The funny one. The silly one. The naughty one. The clumsy one. Most of us grew up with ‘joke’ nicknames, given to us by our family and friends.
But there’s a serious problem with the habit of giving children casual nicknames and labelling their behaviour because these nicknames have a funny habit of sticking with us long after our families have forgotten all about them.
How many times have you heard people talking to their kids and saying ‘you always behave like this,’ or ‘why are you always so grumpy’. It’s probably how our parents spoke to us, and without giving it conscious thought, many of us are likely to recreate that behaviour when we become parents.
But handing out labels to young children can have long-term effects. When we’re told something repeatedly in childhood, it begins to stick in our brain and shape the way we view the world. When we’re told that we’re ‘naughty’, ‘lazy’, ‘clumsy’ etc often enough, we begin to believe it and internalise it, carrying that feeling with us as an adult and unconsciously interacting with the world accordingly.
In particular, when it’s our parents who call us names or give us titles, as young children, we tend to take them at face value, believing sincerely that our parents are able to interpret and understand the world better than we are, and the things they say are probably true. They are our role models. Whether they like it or not, what they say sticks.
Without even realising it, many of us may still be acting out on the names and epithets we were given as children, without even realising it. When I was 6 years old, I was diagnosed with dyslexia, a description that followed me throughout my education and into early adulthood. I formed an identity within the idea that I was behind the rest of the class on reading and writing. Without even thinking, I would find myself telling friends, colleagues, even casual acquaintances, that I couldn’t spell and that I was slow with reading. It felt like a matter of absolute fact to me. It took me right up until the age of 30 to stop and realise that I write for a living, and that reading is one of my favourite pastimes. With some serious introspection I began to realise that struggling with reading and writing was something I had long since overcome. I have no idea if the initial diagnosis was right or wrong, but it certainly isn’t relevant to me now.
If you want to start shedding your old nicknames and epithets, the best place to start is with a good old-fashioned paper and pen. The physical act of writing something down helps to focus the mind and get the thought out of your head.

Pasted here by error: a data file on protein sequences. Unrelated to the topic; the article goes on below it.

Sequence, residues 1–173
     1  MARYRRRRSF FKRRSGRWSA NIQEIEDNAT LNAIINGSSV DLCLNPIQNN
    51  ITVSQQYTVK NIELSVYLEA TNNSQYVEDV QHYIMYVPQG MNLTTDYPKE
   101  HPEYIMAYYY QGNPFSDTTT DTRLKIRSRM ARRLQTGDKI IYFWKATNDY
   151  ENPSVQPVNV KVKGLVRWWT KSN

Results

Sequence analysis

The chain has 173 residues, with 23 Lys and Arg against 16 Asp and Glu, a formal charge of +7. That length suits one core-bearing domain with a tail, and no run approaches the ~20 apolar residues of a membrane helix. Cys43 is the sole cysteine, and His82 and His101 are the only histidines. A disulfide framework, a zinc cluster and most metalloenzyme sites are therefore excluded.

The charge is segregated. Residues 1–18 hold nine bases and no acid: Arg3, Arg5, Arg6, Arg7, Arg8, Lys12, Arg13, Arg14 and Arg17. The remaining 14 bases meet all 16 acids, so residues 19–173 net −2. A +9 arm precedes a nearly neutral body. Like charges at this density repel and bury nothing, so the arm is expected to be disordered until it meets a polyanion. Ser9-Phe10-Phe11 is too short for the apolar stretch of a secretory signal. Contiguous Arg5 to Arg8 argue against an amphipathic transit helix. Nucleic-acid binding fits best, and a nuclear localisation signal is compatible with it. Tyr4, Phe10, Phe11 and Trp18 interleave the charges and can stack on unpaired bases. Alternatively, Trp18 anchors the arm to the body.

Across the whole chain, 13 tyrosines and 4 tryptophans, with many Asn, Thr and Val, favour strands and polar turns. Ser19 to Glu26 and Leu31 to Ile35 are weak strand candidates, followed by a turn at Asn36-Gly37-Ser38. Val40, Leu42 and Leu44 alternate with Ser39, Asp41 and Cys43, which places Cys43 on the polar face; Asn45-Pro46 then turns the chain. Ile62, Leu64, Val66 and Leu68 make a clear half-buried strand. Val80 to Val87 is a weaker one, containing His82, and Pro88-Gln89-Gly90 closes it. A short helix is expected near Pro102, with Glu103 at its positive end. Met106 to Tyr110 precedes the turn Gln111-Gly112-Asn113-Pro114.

Start by writing a list of all of the names, adjectives and assumptions your family and friends made about you in early life. Be warned – looking at a physical list like this can feel a little overwhelming, so be kind to yourself and set aside the time to complete the process before walking away.
Look over the list and ask yourself how each of these words makes you feel. Does it make you feel defensive? Resigned? Angry? The ones that elicit the strongest response from you are the ones you need to tackle first.
For each word or nickname on the list, write one thing that you’ve done in life that proves you have the opposite, complimentary quality. Nobody is black and white. No matter how lazy you may think you are, you’re sure to have pushed yourself at one moment in life. Write it down and write a little about how you felt when you did it.
Once you’ve identified positive stories to help you redress the balance a little, identify any nicknames that still feel like they stick. The chances are that they stick with you because you believe that there may be a little grain of truth in them. If that’s the case, move on to creating some affirmations that will help to reframe the way you look at these qualities. Every personality trait has a positive and a negative aspect to it.
An affirmation is simply a positive statement that you repeat in your head again and again, every day, whenever you have a moment. Affirmations may feel a little cheesy at first, but the secret is, they really work! By doing this, you will begin to unravel the programming you received in childhood and begin to view yourself, in kinder, more positive ways. It’s really important that your affirmations feel true rather than forced. Try to think of the genuine positive aspect of the behaviour that was being identified and work on praising yourself for that trait.
Suggestions for positive affirmations:
The lazy one: I am a peaceful, and relaxed person to be around.
The naughty one: I react to my surroundings and the way I am treated in an appropriate way and enjoy testing the boundaries to see what’s possible.
The quiet one: I have a huge inner world and I enjoy deep thought and contemplation.
The bossy one: I am not afraid of my own power and people respect me when I speak.
The grumpy one: I am in touch with my emotions and I know what I like and don’t like.
The impatient one: I know how to get things done.
The gullible one: I am a trusting, sincere person.
Hopefully the positive affirmations will help you break loose from those childhood nicknames and you will no longer feel that they’re holding you back!